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. 2018 Jul 5;18(1):307.
doi: 10.1186/s12879-018-3228-0.

The Relation of Secondary Sex Ratio and Miscarriage History With Toxoplasma Gondii Infection

Free PMC article

The Relation of Secondary Sex Ratio and Miscarriage History With Toxoplasma Gondii Infection

Saeedeh Shojaee et al. BMC Infect Dis. .
Free PMC article


Background: Toxoplasma gondii is a protozoan parasite with worldwide distribution, infecting a broad-range of humans and warm-blooded animals. In the current study, role of this parasite on secondary sex ratio and risk of miscarriage was investigated.

Methods: In this cross-sectional study, 850 cord blood samples were collected in Tehran, Iran, 2014-2015. Enzyme-linked immunosorbent assay (ELISA) was used to assess anti-Toxoplasma IgG in samples. Information such as sex of the neonates and age, number of previous pregnancies and history of miscarriage of the mothers were recorded in questionnaires. Logistic regression analysis was used to assess the possible relationship between the latent toxoplasmosis and the highlighted parameters.

Results: Logistic regression analysis showed that the odds of having a male neonate in seropositive women is nearly 64% higher than that in seronegative women (OR = 1.64, CI95 = 1.16-2.33, P = 0.005). The odds ratio of having male neonate increased to 2.10 (CI95 = 1.24-3.57, P = 0.006) in high-titer seropositive women, compared to that in seronegative control group. The odds of having a miscarriage history was approximately two and a half times greater in seropositive women than in seronegative ones (OR = 2.45, CI95 = 1.56-3.87, P < 0.001). The odds ratio of having miscarriage increased to 2.76 (CI95 = 1.61-4.73, P < < .001) in low-titer seropositive women, compared to that in seronegative control group.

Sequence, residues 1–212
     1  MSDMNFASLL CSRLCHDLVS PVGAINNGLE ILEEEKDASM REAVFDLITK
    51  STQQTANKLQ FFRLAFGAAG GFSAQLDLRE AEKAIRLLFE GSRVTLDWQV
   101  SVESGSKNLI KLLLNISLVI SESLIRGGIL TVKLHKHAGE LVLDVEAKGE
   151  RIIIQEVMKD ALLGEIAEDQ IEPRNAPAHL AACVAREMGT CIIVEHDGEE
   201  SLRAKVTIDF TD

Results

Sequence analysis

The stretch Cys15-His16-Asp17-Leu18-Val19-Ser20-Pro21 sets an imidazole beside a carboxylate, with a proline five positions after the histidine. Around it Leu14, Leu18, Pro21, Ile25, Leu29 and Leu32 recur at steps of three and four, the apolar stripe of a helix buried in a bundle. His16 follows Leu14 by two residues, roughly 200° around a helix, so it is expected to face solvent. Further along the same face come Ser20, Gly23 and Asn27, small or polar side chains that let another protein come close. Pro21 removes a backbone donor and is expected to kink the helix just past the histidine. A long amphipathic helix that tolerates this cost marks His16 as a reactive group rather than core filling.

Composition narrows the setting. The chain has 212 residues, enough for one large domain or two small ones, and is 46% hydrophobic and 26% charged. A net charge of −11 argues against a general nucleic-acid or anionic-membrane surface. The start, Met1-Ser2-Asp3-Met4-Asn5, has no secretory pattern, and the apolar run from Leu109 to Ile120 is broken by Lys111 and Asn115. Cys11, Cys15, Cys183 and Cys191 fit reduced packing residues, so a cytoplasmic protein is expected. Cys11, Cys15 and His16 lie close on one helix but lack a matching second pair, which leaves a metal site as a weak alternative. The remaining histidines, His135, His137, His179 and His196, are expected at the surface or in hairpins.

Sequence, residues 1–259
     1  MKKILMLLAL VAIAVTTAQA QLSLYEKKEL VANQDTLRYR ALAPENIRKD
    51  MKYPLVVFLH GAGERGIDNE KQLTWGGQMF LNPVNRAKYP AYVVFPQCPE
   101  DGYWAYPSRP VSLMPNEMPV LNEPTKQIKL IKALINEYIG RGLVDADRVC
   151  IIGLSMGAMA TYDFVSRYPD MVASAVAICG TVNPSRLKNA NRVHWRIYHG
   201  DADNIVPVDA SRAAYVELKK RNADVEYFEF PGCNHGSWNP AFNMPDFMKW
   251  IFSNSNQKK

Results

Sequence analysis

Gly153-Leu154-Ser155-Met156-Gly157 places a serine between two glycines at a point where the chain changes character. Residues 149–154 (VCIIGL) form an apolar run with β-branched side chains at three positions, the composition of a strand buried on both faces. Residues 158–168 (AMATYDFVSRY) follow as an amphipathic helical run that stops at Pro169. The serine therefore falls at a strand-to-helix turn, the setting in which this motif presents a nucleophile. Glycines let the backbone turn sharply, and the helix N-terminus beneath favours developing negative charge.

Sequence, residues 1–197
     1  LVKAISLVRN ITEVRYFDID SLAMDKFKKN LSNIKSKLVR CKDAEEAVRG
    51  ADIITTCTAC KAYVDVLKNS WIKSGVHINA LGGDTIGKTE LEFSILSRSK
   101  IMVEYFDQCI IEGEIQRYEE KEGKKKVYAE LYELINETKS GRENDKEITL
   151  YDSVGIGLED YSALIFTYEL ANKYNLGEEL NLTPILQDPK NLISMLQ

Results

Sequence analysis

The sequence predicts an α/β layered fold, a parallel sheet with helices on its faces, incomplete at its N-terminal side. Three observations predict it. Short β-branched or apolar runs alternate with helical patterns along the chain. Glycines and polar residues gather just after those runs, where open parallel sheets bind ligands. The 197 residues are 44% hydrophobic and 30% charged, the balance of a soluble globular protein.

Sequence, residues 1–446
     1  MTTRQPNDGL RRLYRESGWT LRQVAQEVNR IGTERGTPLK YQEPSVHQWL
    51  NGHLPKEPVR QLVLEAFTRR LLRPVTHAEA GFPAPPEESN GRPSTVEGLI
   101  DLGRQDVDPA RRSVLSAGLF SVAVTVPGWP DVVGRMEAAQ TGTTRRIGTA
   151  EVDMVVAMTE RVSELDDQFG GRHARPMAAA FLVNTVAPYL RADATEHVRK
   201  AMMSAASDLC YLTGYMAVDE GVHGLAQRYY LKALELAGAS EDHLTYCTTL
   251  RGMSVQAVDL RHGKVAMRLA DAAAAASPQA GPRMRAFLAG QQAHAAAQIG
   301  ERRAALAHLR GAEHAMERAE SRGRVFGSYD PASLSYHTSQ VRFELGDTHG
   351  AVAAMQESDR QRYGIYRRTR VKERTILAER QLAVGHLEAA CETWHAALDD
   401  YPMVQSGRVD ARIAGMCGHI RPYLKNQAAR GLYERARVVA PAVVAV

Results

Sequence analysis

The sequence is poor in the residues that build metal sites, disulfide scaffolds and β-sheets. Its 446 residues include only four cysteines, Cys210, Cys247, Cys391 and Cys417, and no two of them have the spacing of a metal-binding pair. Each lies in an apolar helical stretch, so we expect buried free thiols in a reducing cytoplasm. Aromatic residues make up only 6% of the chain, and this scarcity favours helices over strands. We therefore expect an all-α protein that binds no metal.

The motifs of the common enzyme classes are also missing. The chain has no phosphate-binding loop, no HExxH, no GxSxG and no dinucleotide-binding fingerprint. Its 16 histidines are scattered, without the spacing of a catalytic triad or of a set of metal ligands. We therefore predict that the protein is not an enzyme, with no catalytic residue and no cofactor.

Conclusion: Results of the current study have shown that T. gondii infection affects secondary sex ratio in human offspring and can be addressed as one of the major miscarriage causes in women.

Keywords: Cord blood serum; ELISA; Miscarriage; Secondary sex ratio; Toxoplasma gondii.

Conflict of interest statement

Ethics approval and consent to participate

The current study was approved by the Ethical Committee of Tehran University of Medical Sciences, Tehran, Iran. Informed written consent was obtained from all participants before being involved in the study. All participants signed an informed consent and received a complete copy of the signed consent form.

Consent for publication

Not applicable (no individual person’s data).

Competing interests

The authors declare that they have no competing interests.

Publisher’s Note

Springer Nature remains neutral with regard to jurisdictional claims in published maps and institutional affiliations.


Fig. 1
Fig. 1
Prevalence of anti-Toxoplasma IgG in 850 cord blood serum samples in particular age groups of participants using ELISA
Fig. 2
Fig. 2
Prevalence of miscarriage in particular age groups of 166 Toxoplasma-positive and 684 Toxoplasma-negative subjects using ELISA

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